While floods and other extreme weather events such as droughts aren’t exactly new, their frequency and intensity have been increasing in the past years due to climate change. Unfortunately, these destructive natural phenomena are causes of concern almost everywhere in the world.
Storm Babet in mid-October brought exceptionally heavy and widespread rain to the UK. The storm has been the most severe we have experienced this year, affecting thousands of homes and businesses and tragically causing seven casualties.
Floods happen when water soaks land that’s usually dry. Heavy storms might be the most common cause behind them but ruptures in dams or levees, rapid melting of snow or ice and even tsunamis can lead to flooding. Urbanisation also contributes to increasing the flood risk in cities. As the population grows, more buildings and roads are built, adding pressure on drainage systems, and leaving less space for water to soak. Rivers and waterways have also been modified, straightened, and culverted, making them overflow more easily than if they were in their natural states.
Usually, floods can take hours or days to develop, giving residents and businesses time to prepare for potential damage and evacuate if there’s a need. However, they can also evolve quickly and without warning – what we call flash floods. Roads become rivers, and brooks become dangerous fast-moving streams able to sweep anything in their way.
There can be many devastating impacts of severe floods. They can destroy homes and businesses, disrupt transport links leaving people isolated, overload sewage and drainage systems leading to spills and the spread of diseases, and ultimately, cause deaths. The aftermath can be equally harmful: power cuts, lack of drinking water, and silt and mud areas contaminated with toxic substances, not to mention the economic toll.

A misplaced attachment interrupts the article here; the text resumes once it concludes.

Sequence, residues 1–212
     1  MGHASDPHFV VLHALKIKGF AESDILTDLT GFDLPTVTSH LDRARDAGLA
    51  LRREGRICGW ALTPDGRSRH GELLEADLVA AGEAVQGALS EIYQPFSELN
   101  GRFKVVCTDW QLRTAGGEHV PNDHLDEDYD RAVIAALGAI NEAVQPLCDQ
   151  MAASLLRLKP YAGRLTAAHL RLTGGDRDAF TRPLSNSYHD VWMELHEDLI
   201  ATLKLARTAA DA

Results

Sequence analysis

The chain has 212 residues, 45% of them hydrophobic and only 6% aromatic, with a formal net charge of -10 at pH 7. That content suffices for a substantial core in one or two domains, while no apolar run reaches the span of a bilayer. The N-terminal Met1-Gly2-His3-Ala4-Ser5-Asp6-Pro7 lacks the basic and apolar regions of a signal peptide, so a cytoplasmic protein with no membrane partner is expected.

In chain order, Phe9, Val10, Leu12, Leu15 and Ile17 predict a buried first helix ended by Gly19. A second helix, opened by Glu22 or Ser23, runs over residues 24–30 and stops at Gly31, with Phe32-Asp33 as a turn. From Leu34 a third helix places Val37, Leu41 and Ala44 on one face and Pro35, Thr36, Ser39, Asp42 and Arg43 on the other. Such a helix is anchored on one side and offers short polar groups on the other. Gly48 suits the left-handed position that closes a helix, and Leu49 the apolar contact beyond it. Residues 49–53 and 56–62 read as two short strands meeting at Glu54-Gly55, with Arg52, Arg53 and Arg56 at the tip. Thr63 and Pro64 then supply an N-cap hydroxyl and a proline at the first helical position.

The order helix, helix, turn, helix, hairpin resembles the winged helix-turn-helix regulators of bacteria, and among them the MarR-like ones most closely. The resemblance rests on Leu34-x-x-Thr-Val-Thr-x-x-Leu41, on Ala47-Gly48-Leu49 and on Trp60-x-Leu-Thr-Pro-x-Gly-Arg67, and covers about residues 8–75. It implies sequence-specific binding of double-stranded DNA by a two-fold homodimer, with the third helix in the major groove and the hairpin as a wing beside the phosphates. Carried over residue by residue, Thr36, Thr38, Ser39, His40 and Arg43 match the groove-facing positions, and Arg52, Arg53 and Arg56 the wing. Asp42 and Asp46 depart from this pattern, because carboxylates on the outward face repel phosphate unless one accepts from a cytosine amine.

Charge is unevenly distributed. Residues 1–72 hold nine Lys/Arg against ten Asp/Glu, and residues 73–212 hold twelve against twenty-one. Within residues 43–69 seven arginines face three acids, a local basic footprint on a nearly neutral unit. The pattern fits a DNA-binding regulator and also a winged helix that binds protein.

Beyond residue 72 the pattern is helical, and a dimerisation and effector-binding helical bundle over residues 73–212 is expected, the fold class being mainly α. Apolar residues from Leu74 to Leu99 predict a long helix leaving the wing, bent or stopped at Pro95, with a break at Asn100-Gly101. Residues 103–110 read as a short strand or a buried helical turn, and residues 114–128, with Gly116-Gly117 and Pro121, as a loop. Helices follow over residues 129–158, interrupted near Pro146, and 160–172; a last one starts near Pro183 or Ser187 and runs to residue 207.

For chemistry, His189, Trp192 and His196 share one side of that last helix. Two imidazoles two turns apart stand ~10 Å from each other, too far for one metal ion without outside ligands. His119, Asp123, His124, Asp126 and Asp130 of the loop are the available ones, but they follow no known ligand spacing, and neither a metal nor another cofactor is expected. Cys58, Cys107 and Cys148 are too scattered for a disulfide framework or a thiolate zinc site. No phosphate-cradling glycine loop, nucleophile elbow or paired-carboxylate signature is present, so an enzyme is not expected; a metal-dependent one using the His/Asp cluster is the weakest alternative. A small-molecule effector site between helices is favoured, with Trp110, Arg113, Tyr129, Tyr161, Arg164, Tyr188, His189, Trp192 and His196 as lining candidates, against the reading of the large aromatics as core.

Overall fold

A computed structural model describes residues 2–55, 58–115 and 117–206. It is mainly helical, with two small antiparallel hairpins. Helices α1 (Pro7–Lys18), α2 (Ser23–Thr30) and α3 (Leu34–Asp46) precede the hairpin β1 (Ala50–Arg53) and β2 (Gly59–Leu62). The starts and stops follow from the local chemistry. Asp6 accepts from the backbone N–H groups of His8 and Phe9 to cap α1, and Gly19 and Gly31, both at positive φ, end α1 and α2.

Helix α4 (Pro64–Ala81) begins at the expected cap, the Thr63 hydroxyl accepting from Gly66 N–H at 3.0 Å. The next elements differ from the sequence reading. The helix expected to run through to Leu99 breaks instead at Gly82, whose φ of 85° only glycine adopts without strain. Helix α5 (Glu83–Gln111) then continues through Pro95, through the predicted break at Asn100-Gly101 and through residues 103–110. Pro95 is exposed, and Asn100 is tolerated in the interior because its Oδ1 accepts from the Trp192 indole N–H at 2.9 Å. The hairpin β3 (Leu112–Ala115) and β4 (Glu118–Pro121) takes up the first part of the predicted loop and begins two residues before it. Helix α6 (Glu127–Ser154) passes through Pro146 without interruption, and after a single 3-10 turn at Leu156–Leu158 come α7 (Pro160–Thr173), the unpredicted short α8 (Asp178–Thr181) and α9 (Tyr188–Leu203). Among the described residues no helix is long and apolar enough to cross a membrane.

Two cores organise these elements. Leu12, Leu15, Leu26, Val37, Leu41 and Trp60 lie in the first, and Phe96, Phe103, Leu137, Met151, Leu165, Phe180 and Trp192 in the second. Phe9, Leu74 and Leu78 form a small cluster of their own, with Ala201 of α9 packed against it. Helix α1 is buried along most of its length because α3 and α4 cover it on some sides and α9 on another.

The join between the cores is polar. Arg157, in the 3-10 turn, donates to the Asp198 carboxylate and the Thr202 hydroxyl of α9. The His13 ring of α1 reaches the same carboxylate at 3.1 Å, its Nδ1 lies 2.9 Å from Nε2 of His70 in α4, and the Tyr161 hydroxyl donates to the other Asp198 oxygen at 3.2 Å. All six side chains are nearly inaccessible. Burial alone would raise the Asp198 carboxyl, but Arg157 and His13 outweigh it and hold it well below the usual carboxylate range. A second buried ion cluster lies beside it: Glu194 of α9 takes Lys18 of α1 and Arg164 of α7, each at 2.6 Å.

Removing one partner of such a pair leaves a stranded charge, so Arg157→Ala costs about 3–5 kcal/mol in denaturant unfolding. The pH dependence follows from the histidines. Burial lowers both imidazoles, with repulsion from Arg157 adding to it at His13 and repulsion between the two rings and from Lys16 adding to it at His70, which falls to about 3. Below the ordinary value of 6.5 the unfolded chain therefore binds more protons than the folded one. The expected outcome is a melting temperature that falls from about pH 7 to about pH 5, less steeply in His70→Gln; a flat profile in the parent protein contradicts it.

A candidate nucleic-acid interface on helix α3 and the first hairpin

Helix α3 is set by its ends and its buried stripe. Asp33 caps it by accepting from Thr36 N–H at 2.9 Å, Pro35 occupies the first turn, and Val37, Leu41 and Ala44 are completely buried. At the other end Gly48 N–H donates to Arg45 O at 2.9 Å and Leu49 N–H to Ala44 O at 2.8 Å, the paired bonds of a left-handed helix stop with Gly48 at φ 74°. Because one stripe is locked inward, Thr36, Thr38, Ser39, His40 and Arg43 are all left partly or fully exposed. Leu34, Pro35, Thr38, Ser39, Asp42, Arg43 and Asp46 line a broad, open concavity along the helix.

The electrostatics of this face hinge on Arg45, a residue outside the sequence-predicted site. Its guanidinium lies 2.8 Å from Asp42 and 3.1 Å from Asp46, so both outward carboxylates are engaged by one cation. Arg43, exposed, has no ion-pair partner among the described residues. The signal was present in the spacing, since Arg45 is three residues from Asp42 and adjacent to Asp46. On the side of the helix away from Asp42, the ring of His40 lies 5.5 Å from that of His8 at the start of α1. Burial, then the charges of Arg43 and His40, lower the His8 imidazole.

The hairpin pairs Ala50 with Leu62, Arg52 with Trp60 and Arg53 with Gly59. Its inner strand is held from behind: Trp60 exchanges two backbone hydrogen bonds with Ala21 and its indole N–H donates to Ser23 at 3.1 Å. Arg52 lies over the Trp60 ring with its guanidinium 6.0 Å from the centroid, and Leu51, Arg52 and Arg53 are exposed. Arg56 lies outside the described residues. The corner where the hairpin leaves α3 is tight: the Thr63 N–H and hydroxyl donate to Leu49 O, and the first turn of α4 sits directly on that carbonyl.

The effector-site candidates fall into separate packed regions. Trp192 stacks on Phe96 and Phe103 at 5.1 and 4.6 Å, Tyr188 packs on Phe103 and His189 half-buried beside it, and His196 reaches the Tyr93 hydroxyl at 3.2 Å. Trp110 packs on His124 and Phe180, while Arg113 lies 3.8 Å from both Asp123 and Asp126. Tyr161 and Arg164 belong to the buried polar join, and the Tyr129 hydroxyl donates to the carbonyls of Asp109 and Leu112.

The Thames Barrier is an important tool to protect London from tidal flooding and storm surges. It became operational in 1982 and is one of the largest movable flood barriers globally. Since its opening, it’s been closed 208 times – 117 to protect against tidal flooding and 91 to protect against combined tidal-fluvial flooding.
However, there are also simple and natural ways to mitigate flood risks. Nature-based solutions address societal challenges, such as climate change, and human health while protecting the environment and helping us build resilience to extreme weather events. Natural flood management and sustainable urban drainage systems (SuDS) are examples of effective strategies to do so.
At Thames21, we use both methods mentioned above in our projects. Besides enhancing the natural landscape’s ability to cut down water overflow, absorb pollution and improve biodiversity, these also provide blue and green spaces for people to enjoy. Natural flood management techniques include building wetlands and storage ponds, planting trees and reducing soil compacting. Some of the common SuDS are rainwater harvesting with a water butt, rain gardens, swapping hard paving for permeable surfaces, and green roofs.
While these can’t solve the problem, they can play an important role in helping both people and the environment cope with a changing climate.
Header image by Michael Elliott Photography